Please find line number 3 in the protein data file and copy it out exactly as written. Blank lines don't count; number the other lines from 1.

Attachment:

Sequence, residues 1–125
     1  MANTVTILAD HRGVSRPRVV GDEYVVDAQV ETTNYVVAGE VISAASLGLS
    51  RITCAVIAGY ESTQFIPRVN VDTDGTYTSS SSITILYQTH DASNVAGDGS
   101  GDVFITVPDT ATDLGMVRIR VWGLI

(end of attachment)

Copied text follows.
    51  RITCAVIAGY ESTQFIPRVN VDTDGTYTSS SSITILYQTH DASNVAGDGS